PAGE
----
Panelists highlighted a handful of lucrative developments in the flat-panel antenna space but took on a cautious tone in warning the audience to be wary of the hype surrounding the flat-panel market...
Dozens of attendees at the SATELLITE 2017 Show in Washington, D.C., packed a mid-Tuesday afternoon session, coyly titled “Can Flatter Antennas Bring Fatter Profits?” in the hopes that flat-antenna innovators — including executives from Phasor, Kymeta, EchoStar subsidiary Hughes, and Integrasys — could answer that exact question. And for the most part, the executives comprising the panel did just that — highlighting a handful of lucrative developments in the flat-panel antenna space and offering insights into technology development in the antenna market. However, panelists took on a cautious tone in warning the audience to be wary of the hype surrounding the flat-panel market.
“We do think there is one feature of flat panels that is absolutely critical,” said Nathan Kundtz, CEO of Kymeta, who was dubbed an “innovator” in the space of electronically steered antennas by moderator Bruce Elbert, president of Application Technology Strategy. “The most important feature is that they actually have to exist. To really make it happen, you [have to offer] more than an antenna. People don’t buy antennas — people buy solutions. You’ve got to be able to bring data, and you’ve got to be able to bring data at a price point that makes sense.”
Elbert, while presenting a series of slides featuring one of the first flat-panel antennas — Boeing’s Phantom Works’ phased-array antenna, unveiled nearly two decades ago — noted that Boeing discovered early on that achieving consistent and superior coverage presented the a major challenge.
“When you have a flat panel on the surface of the aircraft or vehicle, as your elevation changes from 90 degrees to 30, your gain drops quite rapidly,” said Elbert. So for aeronautical carriers that needed to fly through places like Norway or Greenland, flat panels suffered more loss and, therefore, didn’t present a quite-so-viable blockbuster in the marketplace.
Now that technology in the entire satellite industry has evolved, and more operators are buzzing about leveraging flat-panel antennas in Low Earth Orbit (LEO), these antennas are finally being seen as a viable solution for high-bandwidth applications in multiple verticals, such as aviation.
Yet, David Rehbehm, vice president of the international division of Hughes Network Systems, an EchoStar Company, stressed that performance is the number one factor that will drive growth.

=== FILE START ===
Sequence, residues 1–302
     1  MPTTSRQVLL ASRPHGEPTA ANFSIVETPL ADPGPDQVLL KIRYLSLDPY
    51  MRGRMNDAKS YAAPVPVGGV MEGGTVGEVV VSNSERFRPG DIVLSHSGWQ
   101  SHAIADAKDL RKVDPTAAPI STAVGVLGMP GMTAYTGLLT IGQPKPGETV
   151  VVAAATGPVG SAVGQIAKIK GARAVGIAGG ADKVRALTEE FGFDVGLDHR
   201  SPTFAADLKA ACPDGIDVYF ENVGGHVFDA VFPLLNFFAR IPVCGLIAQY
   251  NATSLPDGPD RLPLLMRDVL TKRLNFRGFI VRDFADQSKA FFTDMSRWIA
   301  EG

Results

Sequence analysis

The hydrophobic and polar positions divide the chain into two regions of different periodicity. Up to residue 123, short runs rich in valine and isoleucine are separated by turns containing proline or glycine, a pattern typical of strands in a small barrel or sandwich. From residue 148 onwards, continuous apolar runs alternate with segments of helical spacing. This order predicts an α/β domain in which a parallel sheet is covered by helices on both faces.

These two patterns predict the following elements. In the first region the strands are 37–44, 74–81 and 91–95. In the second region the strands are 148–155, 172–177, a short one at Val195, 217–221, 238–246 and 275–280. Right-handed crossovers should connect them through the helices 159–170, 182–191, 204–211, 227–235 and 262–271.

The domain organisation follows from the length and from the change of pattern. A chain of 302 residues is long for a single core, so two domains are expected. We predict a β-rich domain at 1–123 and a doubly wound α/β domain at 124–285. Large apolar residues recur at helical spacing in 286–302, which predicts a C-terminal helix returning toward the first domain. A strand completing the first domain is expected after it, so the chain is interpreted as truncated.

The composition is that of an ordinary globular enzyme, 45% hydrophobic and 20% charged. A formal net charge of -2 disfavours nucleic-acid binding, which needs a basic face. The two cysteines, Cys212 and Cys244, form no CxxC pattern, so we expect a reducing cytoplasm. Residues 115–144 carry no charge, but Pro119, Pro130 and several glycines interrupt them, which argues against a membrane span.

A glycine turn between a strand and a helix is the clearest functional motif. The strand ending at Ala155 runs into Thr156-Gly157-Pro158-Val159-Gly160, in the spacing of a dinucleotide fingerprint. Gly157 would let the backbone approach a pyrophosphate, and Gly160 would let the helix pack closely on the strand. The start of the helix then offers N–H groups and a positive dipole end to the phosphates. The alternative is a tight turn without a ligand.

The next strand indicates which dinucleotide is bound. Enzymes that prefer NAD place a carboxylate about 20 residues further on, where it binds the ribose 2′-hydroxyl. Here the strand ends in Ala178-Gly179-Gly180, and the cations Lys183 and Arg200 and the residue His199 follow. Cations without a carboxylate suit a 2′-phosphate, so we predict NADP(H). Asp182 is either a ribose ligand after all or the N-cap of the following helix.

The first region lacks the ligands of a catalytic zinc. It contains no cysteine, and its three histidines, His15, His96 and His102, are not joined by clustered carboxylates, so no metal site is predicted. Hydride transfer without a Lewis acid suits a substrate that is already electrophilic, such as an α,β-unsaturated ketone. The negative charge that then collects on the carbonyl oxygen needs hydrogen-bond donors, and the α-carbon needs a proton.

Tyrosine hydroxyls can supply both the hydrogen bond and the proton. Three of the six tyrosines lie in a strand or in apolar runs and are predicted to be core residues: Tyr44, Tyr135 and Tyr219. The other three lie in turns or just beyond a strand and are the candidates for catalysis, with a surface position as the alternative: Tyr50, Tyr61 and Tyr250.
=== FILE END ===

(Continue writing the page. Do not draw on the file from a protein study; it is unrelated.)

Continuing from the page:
“We approach the market as a service provider,” said Rehbehm, noting that Hughes recently announced the successful completion of in-orbit testing and handover of Ka-band High-Throughput Satellite (HTS) EchoStar 19. “As we look at new antennas, we look very carefully at performance [and] there’s no question mobility is a key driver for the market. We’re very optimistic about electronically steered flat-panel antennas, but it doesn’t seem like we’re quite there yet. We want to get as good of performance as possible.”
Meanwhile, Alvaro Sanchez, sales director of Integrasys, also agreed that antenna performance will continue to drive interest in flat-panel antennas, so long as stakeholders continue to address today’s biggest challenges; specifically, making activation simpler, finding ways to automate processes and mitigate interference, and provide remote maintenance. “We need tools to make it smarter,” he said.
David Helfgott, chief executive officer of antenna developer Phasor, discussed some of its most recent developments, and excitement over the uptick in investments in high-throughput capacity technologies.
“The promise of electronically steered antenna in wide band — in Ku and Ka — the promise is you can dynamically manage a beam in an environment that is changing rapidly … and you can do that in a compliant way,” Helfgott said. “If you can do it in a reliable way, that’s economical … then you really have something. The entire antenna system you can now put into a solid-state platform that’s two inches thick.”
According to Helfgott, mobility is driving much of the growth of flat-panel antennas, and finding the right partners to bring antenna technologies to the marketplace will be key to driving investments.
“We all know the market is building momentum,” he said. “We think the ability to provide reliable and robust broadband services … is how you expand markets.” VS